• Third, during Chernobyl, individuals living near the site were not evacuated for days after the accident and continued to eat contaminated foods. Following the Fukushima event, Japanese authorities promptly evacuated local populations and took active measures to prevent contaminated food and water from being consumed by local populations.

While there have been significant releases of radioactive material at Fukushima through airborne and contaminated water dispersion, the overall impact on human and environmental exposure pathways appears to be meaningfully less than Chernobyl due to the comparatively lower levels of radioactive release, prompt evacuation orders, and the dilutive effects of the Pacific Ocean. These factors clearly justify the need for a distinction in ratings between the two accidents.

In the weeks and months ahead, we will have an even greater opportunity to analyze this accident and place it into proper historical context. Given the information currently available, it seems that the Japanese government’s INES ranking for Fukushima may be too high and the IAEA may need to consider revisiting the criteria used to classify nuclear events on the INES.



As a member of Shaw Power Group’s executive team, Jeff is focused on enhancing the group’s external relationships, including business development,marketing and communications, government and regulatory affairs, customer relations, and strategic planning. He has been particularly involved in supporting the group’s nuclear-related efforts. Prior to joining Shaw, Merrifield served two terms (1998 to 2007) as a commissioner of the U.S. Nuclear Regulatory Commission. In this role, he was one of five individuals overseeing this independent commission that regulates the safety and security of the 104 operating nuclear power plants in the United States.

7 thoughts on “Was Fukushima Rated Correctly on INES?

  1. Tom Murphy

    @ Mark Norsworthy – Thank you for the informative reply. We already use a logarithmic scale for earthquakes and such a scale would be open-ended and well understood by the public. It would serve to differentiate Fukushima from Chernobyl while not trying to downplay the severity of the former event.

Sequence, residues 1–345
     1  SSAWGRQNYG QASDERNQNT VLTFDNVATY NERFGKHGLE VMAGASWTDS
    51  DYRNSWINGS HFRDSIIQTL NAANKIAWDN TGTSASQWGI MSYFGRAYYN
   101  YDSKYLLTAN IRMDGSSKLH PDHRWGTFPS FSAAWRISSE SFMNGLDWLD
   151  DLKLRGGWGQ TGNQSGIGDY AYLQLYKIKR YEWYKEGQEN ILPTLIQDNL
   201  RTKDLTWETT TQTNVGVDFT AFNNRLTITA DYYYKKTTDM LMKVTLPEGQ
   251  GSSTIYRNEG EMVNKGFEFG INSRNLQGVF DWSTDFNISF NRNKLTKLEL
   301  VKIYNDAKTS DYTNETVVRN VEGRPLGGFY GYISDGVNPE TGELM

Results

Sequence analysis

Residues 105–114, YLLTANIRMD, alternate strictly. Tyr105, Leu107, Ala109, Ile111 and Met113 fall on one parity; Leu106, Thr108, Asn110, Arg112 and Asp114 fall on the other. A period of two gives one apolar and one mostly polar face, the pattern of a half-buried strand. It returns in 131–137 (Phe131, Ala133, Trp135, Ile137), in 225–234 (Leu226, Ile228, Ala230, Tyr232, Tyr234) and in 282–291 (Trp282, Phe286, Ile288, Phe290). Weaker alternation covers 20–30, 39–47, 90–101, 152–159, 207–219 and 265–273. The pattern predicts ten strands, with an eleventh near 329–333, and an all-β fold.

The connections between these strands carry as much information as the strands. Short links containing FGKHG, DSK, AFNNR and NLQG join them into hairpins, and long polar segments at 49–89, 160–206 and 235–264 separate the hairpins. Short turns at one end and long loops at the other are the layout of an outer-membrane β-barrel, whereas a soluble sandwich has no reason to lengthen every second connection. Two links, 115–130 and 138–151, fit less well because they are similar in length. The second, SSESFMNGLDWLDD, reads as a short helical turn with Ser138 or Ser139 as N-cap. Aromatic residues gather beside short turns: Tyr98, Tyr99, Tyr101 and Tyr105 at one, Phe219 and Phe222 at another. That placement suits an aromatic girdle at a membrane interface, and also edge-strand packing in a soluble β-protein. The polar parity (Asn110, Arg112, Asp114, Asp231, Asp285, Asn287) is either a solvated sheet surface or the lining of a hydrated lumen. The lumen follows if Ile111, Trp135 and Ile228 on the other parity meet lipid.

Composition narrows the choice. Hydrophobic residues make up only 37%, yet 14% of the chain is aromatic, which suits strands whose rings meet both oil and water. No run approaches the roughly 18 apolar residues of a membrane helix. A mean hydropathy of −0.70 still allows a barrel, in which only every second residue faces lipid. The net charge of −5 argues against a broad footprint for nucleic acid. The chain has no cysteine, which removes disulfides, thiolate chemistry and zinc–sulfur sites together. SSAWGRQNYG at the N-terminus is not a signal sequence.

@ Alan – I think your concept that scale should be based on the “human impact” would be a step backwards. IMO the proper measure is how much radiation was released from the facility to the environment. Many people would disagree with your assertion that the radiation that “went out to sea” should not “count”.

  2. Mark Norsworthy

    This is a somewhat long post, bear with me. Let me begin by stating that I agree the INES scale needs to be revised–the scale should not arbitrarily stop at 7. The IAEA threshold for a 7 is 50,000 TBq or higher of airborne radioactive release; it is the “or higher” part that is the problem. The scale should continue logarithmically to at least a 9 or 10.

    It turns out that the INES User Manual suggested thresholds are based on how much airborne radioactivity is released, measured in TBq of I-131. Other radionuclides have a conversion factor applied to make them equivalent to I-131. The guidelines are that a level 5 is 500 – 5000 TBq, level 6 is 5000 – 50000 TBq, and level 7 is 50000 TBq and up.

    Fukushima released 370,000 – 630,000 TBq according to the April 12 Japanese press release (depending on the agency making the estimates). Either figure would clearly justify a 7 on the INES scale. But why does the scale stop at 7? Chernobyl was ~5.2 million TBq. If the scale continued in powers of 10, then Fukushima would be at most an 8, and Chernobyl a 9. Then it would be explicitly clear that Fukushima, while serious, is still an order of magnitude less severe (in terms of airborne radioactive release) than Chernobyl.

    An added benefit of modifying the INES scale is that it would more accurately reflect the many orders of magnitude difference between TMI and Chernobyl, which I don’t think is captured by the difference of 5 to 7. The minimal releases from TMI did not justify a level 5 classification–the amount of core damage drove that rating.

    Clearly, it would be extremely difficult to create a broadly applicable scale that takes into account the impacts on the public. Rather, the INES rating is based on something relatively objective, and is intended to give an idea of severity in terms of raw amount of radioactivity released.